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Rising rape cases worry women leaders, NGOs

By MICHAEL MUGWANG’A | November 10th 2013


The past few weeks have seen an upsurge in reported cases of sexual assault against girls and boys.

On Wednesday, the National Assembly took time to discuss the increasing incidents of rape in the country.

The Federation of Women Lawyers in Kenya (Fida) says it won’t rest until the victims get justice. They say what the public has had is just a tip of the ice bag. The reality on the ground is grimmer.

The Coalition on Violence Against Women in Kenya executive director Lidya Muthiani says in Nairobi alone, over 10 women are raped every month. And that number only reflects those who report to the organisation. Many are those who, for one reason or another, suffer in silence.

Though there have been reports of rape in the country, one case has particularly touched the conscience of the nation in the recent past.

A child, christened Liz, was attacked by a gang of six men in Busia three months ago and is currently undergoing treatment at a hospital in Eldoret. Busia County Women’s Representative Florence Mutua says it is disturbing that no drastic disciplinary measures have been taken against the offending officers.

“(Inspector General) Kimaiyo says one of them has been interdicted while the other has been transferred but I have an assurance from DPP Tobiko that prosecution will surely be done,” says the MP from whose jurisdiction Liz comes from.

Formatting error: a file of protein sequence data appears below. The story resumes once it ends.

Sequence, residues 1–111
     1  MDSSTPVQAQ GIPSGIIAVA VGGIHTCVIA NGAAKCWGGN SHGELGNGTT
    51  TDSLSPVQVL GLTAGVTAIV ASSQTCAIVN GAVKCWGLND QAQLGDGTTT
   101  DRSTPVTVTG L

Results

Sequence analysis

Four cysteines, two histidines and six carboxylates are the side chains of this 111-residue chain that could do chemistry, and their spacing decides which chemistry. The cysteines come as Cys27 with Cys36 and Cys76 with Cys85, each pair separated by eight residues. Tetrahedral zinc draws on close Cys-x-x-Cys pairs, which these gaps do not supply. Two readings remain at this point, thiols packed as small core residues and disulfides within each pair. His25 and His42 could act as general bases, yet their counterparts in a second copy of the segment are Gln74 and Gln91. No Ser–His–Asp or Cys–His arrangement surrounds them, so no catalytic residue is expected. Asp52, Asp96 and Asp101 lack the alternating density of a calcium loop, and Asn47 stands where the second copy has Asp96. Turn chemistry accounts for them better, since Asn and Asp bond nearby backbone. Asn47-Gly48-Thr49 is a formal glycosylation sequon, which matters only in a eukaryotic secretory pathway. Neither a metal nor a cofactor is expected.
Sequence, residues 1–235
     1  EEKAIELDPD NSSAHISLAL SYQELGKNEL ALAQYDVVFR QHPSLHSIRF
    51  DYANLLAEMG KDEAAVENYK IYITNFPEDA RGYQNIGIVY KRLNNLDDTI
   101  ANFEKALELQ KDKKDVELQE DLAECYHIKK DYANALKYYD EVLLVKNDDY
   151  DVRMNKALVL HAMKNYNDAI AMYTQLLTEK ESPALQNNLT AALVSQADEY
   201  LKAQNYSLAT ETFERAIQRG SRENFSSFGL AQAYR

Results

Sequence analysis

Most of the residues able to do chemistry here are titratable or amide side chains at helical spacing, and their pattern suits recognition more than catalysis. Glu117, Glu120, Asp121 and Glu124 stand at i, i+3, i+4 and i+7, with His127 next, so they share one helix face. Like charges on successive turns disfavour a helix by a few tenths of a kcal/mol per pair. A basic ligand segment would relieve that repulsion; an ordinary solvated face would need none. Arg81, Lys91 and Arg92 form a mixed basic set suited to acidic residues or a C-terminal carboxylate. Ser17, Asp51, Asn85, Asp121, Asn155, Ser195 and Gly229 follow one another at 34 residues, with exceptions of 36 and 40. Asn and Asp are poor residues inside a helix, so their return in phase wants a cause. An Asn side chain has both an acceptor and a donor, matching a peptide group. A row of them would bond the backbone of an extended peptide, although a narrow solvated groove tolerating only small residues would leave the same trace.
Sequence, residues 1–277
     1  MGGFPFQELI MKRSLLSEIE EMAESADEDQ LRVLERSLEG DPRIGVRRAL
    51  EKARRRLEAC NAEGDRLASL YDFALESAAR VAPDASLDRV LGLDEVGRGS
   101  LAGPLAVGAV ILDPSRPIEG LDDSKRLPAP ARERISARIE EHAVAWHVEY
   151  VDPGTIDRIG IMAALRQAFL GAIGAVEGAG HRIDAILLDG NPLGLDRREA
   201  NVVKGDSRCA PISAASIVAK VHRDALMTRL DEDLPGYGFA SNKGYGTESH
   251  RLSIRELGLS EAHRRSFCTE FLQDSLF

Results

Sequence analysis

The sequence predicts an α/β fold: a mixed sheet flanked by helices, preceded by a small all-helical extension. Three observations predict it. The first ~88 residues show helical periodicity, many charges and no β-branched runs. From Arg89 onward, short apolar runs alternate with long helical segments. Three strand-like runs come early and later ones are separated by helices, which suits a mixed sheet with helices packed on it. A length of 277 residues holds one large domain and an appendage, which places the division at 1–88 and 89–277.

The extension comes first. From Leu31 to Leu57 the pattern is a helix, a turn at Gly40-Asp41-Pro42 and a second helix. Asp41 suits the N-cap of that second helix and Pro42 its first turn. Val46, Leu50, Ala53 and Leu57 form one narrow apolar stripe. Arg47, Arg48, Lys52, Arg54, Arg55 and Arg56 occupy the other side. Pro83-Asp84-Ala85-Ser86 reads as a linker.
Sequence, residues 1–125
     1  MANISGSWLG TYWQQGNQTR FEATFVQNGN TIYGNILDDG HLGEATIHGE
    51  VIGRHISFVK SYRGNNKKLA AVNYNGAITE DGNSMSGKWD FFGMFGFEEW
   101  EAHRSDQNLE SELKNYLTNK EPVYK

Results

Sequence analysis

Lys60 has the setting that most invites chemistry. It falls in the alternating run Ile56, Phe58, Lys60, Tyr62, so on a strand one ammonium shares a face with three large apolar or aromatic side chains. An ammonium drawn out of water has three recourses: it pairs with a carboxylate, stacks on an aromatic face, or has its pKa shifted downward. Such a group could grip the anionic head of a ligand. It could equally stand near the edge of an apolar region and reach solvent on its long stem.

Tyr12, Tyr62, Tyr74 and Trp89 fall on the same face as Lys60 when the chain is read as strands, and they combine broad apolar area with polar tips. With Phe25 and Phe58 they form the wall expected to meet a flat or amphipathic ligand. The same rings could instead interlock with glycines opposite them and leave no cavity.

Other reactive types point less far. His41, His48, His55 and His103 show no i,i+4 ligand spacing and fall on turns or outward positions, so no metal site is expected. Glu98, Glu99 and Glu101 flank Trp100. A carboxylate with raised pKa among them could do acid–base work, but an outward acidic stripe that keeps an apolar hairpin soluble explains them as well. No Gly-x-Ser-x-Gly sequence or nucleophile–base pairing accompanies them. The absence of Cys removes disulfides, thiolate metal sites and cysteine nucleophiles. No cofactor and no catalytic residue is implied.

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Ms Muthiani says she will be working with other agencies to initiate a gender-based campaign with emphasis on the boy child. “It is instructive to note that the people responsible for sexual offences are more often than not boys especially in the case of Liz where the perpetrators are young boys,” she says.


 Alarming attacks

Fida executive director Christine Ochieng says her organisation will file a joint case in defense of the girl with the Kenya National Commission on Human Rights to.

When the case was reported at an AP camp in Busia, the officers are said to have arrested the culprits but released them after a punishment of slashing grass in the compound.

 “We need to work on the way we punish culprits. Everybody needs to get involved to tame this extremely rampant and alarming attack on our girls and sometimes boys,” an angry Muthiani told Crime Watch.

Ms Ochieng of Fida says the government needs to appreciate the complexity of the matter.

“We need to use Liz’s case to send a strong message out there that rape is just unacceptable,” Ms Ochieng says.

To win the war against rape, Ms Muthiani says every attack needs to be reported and police need to move with speed when such reports are made. According to statistics from the coalition, only 11 out of 1,500 rape cases end in convictions.

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